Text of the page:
“A word is dead
When it is said,
Some say.
I say it just
Begins to live
That day.”
Emily Dickinson

author: Nicole J. LeBoeuf

actually writing blog

we all have our hot cross buns to feed to bears
Tue 2015-03-03 23:43:28 (in context)
  • 5,389 words (if poetry, lines) long
  • 1,440 words (if poetry, lines) long

Hooray! The "Fictionette Freebie" for the month of February is out and free and clear and all yours. I chose "If On A Winter's Night Two Travellers..." because, looking back at the last four months of Freebies, I thought we needed something a little more uncomplicatedly light-hearted. Granted, being stuck in a broken-down car in a snow storm outside of the range of any cell phone signal isn't exactly a pleasant situation, but then neither is getting kidnapped by vampires, and no one ever accused Robin McKinley's Sunshine of heavy-duty grimdark.

In fact, now that I've got occasion to review it, I think the narrator of "Travellers..." does sound more than a little influenced by the narrator of Sunshine. I may have been rereading that novel during the second week of February, around the time I would have been polishing this one up for publication.

So now I am all caught up on February, as far as Friday Fictionettes go.

How am I doing on the story?

...I've been avoiding it today. Which is embarrassing. I've been very diligent in everything else. I did all my physical therapy for today, despite maybe having pulled a muscle in my left calf during the lunges (please dear Gods no whyyyyy). I finished them as very small lunges, but I finished them. I had a great time with my freewriting, during which a word-of-the-day prompt got me thinking of the will-o-the-wisp at the beginning of The Neverending Story who's gotten lost despite usually being the agent of other people's getting lost. What does a will-o-the-wisp follow when it is lost? And I put up a Puzzle Pirates Examiner post. And I worked on Fictionettes, as above. And I even cleaned out the file cabinet just a bit more, and caught up on email and other online communications.

But the short story? Heavens help us.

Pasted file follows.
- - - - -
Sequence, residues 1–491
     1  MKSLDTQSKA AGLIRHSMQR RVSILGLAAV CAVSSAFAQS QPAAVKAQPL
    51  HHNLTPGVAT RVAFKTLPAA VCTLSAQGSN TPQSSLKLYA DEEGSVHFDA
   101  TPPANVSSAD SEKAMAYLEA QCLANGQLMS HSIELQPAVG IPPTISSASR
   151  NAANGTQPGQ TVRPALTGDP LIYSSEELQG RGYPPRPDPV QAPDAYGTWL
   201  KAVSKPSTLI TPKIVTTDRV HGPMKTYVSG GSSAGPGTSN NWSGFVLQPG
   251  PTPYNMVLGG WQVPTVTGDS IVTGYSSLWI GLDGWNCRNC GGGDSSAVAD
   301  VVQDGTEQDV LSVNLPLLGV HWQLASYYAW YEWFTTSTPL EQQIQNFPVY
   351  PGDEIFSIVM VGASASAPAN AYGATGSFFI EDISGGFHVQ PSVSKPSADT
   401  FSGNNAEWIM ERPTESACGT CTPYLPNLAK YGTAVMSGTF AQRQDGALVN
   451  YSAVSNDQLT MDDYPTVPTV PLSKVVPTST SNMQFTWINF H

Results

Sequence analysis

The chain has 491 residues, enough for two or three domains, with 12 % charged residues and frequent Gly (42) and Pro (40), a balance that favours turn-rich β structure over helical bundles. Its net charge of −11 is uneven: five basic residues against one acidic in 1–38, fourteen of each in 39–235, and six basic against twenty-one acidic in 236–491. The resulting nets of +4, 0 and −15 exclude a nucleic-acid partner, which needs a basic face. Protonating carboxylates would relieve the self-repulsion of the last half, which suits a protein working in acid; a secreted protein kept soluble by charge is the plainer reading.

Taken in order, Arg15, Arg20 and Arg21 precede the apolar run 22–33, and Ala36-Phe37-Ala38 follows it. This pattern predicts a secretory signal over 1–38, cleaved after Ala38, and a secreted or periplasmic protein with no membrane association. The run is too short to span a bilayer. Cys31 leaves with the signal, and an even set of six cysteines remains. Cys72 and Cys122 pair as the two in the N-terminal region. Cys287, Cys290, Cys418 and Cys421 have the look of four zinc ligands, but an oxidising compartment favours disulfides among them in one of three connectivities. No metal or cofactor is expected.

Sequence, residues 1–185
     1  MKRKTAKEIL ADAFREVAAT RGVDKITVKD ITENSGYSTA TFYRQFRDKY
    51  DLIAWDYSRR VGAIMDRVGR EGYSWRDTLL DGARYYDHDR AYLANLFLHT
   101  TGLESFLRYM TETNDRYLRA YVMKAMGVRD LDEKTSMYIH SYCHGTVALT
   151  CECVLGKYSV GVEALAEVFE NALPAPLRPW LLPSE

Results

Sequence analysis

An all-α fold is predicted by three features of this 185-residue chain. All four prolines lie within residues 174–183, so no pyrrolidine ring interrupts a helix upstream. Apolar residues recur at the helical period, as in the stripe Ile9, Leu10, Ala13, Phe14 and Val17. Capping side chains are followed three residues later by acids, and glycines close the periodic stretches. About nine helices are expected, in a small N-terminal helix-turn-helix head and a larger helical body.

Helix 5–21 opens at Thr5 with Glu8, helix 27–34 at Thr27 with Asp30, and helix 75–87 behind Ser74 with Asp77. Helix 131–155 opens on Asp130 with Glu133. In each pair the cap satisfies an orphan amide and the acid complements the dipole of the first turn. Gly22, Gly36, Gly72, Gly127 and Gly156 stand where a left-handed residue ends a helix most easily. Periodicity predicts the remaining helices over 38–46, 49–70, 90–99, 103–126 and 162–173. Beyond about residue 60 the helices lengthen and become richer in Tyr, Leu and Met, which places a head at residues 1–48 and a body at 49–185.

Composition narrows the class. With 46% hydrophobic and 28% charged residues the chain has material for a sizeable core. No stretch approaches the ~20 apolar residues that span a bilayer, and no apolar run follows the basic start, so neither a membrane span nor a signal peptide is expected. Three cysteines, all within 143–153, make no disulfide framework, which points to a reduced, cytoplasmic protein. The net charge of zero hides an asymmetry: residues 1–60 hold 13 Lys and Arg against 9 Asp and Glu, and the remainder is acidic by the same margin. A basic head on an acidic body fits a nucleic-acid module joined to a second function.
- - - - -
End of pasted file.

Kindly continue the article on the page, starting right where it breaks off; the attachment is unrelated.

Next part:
*facepalms forever*

OK. So. Plan for tomorrow: Don't save the short story until last, because I might never get to it that way. Don't invest the task with the forbidding weight of "an hour and a half of butt in chair" or "get to work and don't stop until you've finished the scene," because I might never manage to start. Instead, try small sessions throughout the day, each one with the goal of "just open it up and do whatever you can in 25 minutes." Just keep coming back to it, the way I kept coming back to the closet doors project when that was still going on: a session here and a session there, between other tasks of the day.

I need to jump start a mental habit of coming back to the task regularly. I've been so irregular about it lately that every session has required the routine of two days spent sneaking up on it and dodging the avoidance monsters. I need to put it back in the brain space where it's just a thing that I do when it's time to do it. Ideally, I'd return to the task every day without fuss. Maybe by sitting down to multiple micro-sessions throughout a single day, I can pack many days' worth of mental habit formation into that single day. And the day after that.

It's better than dodging avoidance monsters for weeks, anyway.

Yes, I do sound like a pathological bundle of neuroses, don't I? We all have our crosses to bear. And possibly hot cross buns to bake, which sounds a lot less melodramatic than bearing crosses, and also tastier. I mean, on the one hand, you have a method of torture and execution; on the other, you have yummy sweet rolls. When they offer you cake or death, choose cake. That's the point I'm getting around to here. Writing should be more like cake than like death.